2007 Science Spring Showdown: Experts handicap the third round chemistry matches.

As we head into the Science Spring Showdown Sweet Sixteen, it seemed prudent to turn to some experts for their predictions on the two remaining games in the chemistry region, Acid vs. d-orbitals and Fossil fuels vs. Erlenmeyer flask. (Of course, we won't soon forget the exciting first and second round games that brought these four teams to the Sweet Sixteen.)

Here's what some members of the chemical cognoscenti have to say:

Acid vs. d-orbitals:
While professing not really to understand the American basketballesque nature of the tournament, Propter Doc was willing to call this one as follows:

d-orbitals for sure! With d-orbitals being able to adopt one of five possible configurations, the gang of acids don't stand a chance. Every time they get near, the d-orbitals just take them on board and flash a new and showy colour. The d-orbitals are (as they proved in the last match) true showmen and wow the crowd with their flashy colours. By the time that hydrofluoric acid drifts over to the challange the d-orbitals will have arranged themselves into some beautifully inert combination of electrons. The acids fall for the same trick that sublimation did, indicating that despite great corrosive power, they are all muscle and no finesse.

Milo at Chemical Musings predicts a win for acid, owing to the power of the Bronsted-Lowry line-up. Click the link to read the complete commentary and partake of the cool graphics.

Derek Lowe isn't convinced this is such an easy match to call:

"Acid" is a ubiquitous concept, with a lot of exposure outside the field, so it looks strong at first. d-orbitals, on the other hand, are only discussed by chemists and physicists (and sometimes reluctantly at that). Acid would be favored going in. . .

But the cognoscenti realize that there are plenty of different kinds of acids - Lewis, Bronsted, etc., and that many of these can be dealt with in other terms. For example, you could always talk about the basicity of the corresponding counterions, which would give you an acidity ranking without ever using the word "acid". pH probably would have been a stronger contender from that conference, but they must have choked in their tournament.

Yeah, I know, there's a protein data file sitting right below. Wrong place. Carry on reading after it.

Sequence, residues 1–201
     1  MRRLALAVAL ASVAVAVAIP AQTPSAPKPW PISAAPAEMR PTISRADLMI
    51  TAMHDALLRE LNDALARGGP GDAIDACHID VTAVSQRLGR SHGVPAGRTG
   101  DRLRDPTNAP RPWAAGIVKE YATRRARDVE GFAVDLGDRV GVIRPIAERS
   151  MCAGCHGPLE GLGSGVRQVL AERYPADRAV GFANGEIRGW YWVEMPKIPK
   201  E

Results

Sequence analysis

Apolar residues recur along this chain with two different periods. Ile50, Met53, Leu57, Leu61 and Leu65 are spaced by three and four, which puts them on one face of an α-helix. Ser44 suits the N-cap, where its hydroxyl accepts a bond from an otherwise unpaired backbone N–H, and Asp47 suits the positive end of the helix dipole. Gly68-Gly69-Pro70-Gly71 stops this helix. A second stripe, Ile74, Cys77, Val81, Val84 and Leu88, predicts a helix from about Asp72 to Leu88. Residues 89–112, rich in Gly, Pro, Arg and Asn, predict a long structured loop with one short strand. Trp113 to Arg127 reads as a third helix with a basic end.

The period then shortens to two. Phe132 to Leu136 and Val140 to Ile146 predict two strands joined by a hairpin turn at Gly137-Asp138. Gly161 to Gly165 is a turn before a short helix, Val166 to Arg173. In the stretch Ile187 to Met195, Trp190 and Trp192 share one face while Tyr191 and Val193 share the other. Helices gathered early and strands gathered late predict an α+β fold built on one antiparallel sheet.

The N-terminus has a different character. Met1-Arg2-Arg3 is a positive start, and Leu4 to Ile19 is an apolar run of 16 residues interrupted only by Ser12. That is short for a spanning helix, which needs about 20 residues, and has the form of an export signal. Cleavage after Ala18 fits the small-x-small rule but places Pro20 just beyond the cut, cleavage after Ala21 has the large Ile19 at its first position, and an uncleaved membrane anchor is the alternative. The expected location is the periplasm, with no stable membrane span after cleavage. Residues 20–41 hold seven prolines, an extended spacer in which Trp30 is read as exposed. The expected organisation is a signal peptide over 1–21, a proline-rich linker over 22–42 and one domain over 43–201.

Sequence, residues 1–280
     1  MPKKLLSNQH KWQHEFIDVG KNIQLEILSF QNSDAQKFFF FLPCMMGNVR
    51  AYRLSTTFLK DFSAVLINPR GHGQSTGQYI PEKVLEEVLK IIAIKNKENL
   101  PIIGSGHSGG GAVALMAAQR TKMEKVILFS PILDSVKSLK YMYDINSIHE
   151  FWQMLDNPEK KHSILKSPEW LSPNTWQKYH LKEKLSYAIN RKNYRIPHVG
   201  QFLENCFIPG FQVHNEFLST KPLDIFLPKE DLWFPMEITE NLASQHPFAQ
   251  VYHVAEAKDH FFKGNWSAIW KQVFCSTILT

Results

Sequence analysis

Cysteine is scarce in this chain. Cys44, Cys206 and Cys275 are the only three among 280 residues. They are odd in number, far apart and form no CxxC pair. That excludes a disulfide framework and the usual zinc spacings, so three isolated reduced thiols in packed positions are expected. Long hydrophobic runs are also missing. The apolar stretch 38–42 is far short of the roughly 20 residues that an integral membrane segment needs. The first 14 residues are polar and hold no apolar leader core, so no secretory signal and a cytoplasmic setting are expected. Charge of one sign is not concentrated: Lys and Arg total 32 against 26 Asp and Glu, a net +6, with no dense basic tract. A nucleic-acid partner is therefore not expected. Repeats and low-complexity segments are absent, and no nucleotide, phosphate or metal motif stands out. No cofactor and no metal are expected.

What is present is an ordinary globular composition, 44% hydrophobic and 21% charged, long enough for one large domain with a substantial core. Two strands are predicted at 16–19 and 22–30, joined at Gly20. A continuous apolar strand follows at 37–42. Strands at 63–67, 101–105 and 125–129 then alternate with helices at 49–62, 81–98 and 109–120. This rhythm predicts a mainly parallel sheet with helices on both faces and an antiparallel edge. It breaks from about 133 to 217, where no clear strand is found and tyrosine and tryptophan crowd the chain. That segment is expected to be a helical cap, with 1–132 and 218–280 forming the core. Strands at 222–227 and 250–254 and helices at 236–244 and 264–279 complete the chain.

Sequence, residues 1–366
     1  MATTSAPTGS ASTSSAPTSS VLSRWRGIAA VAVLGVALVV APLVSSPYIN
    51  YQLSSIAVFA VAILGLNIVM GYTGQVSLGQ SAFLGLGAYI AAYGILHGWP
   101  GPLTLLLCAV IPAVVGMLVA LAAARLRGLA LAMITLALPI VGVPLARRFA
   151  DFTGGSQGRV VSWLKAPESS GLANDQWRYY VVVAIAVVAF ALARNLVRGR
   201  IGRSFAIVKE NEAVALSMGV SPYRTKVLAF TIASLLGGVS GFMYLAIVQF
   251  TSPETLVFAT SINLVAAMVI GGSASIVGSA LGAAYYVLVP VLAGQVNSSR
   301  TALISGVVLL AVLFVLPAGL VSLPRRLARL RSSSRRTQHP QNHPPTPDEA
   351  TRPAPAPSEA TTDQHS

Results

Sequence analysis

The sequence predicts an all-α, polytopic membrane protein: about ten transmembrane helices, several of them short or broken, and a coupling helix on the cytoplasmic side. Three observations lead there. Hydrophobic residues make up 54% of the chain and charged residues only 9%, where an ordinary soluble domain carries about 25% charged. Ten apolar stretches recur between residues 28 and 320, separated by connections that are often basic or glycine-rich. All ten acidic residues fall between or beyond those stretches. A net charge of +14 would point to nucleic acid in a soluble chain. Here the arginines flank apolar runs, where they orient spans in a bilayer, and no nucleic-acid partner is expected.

As for d-orbital, despite the lack of name recognition, they're very important indeed once you start to work your way down the periodic table. These have to be invoked to explain all kinds of things, from the behavior of metal catalysts to why there probably aren't silicon life forms like in that old Star Trek episode. d-orbital wins, and the smart money cashes in.

Two commentators predict a d-orbital victory, one sees Acid triumphant. This should be a thrilling match to watch.

* * * * *
Fossil fuels vs. Erlenmeyer flask:

Noting that British fans will better recognize Erlenmeyer as "conical flask", Propter Doc anticipates a losing battle for our glassy gladiator:

Fossil fuels win- the glass can't take the (gas) pressure. Perhaps the Erlenmeyers are looking a little too chipped around the rim to deal with the onslaught of the fossil fuels. First suffering an undignified soaking in oil, the natural gas hurls coal chunks, just adding to the damage. Even bringing on the smaller Erlenmeyer flasks to impart a more nimble profile fails and fossil fuels will rampage on, unchecked.

Derek Lowe concurs:

The outcome here is easier to determine. Erlenmeyer flasks are the symbols of chemistry in all kinds of cheap clip art and stock photography, especially when they're filled with colorful solutions. And they're useful things; I wouldn't even want to count how many of them I've used (and washed) over the years.

But fossil fuels - well, the number of times I (and everyone else) have used those totally blow the Erlenmeyer numbers away. They get a bad rap these days, what with all the pious stuff about carbon offsets, but hey: for now and for some time to come, fossil fuels are the only way we're going to be able to go. It's not just energy - they're huge as chemical feedstocks, and I wouldn't want to think about how many things would disappear from chemical stockroom shelves without them. Fossil fuels win, and it's not even close.

The call (and pre-game commentary) from Chemical Musings on this game makes it a unanimous prediction of Fossil fuel victory (although one can't help wondering whether Milo is actually rooting for dinosaurs here). Looks like Erlenmeyer flask goes into the Sweet Sixteen as the underdog.

* * * * *

Propter Doc also made some predictions for possible match-ups going forward from the Sweet Sixteen:

I like d-orbitals against particles, mainly because they are just going to repel or consume the opposition, whirl them around a while and spit them out. Theory is more tricky, because I'm guessing they are adaptable and readily strengthened, so the artillery of acids would errode the ideas better. I've never encountered a theory that could stand up to a good strong acid.

No word on whether Thomas Kuhn might be expected to stand up to a good strong acid.

Fossil fuels could easily take photosynthesis on, they've got the wisdom of ages; have already withstood tons of pressure and have a refined touch when required

Will the best that chemistry has to offer in this tournament be enough to take the championship back to the stockroom? Stay tuned to find out!

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Ooh, "owing to the power of the Bronsted-Lowry line-up" -- that's really sharp insight. I'd not given due attention to that power when I picked my brackets earlier on.

Well, I happen to like dinosaurs, for in their wisdom, they gave us crude oil. Let us not forget that T-rex has really small hands as well....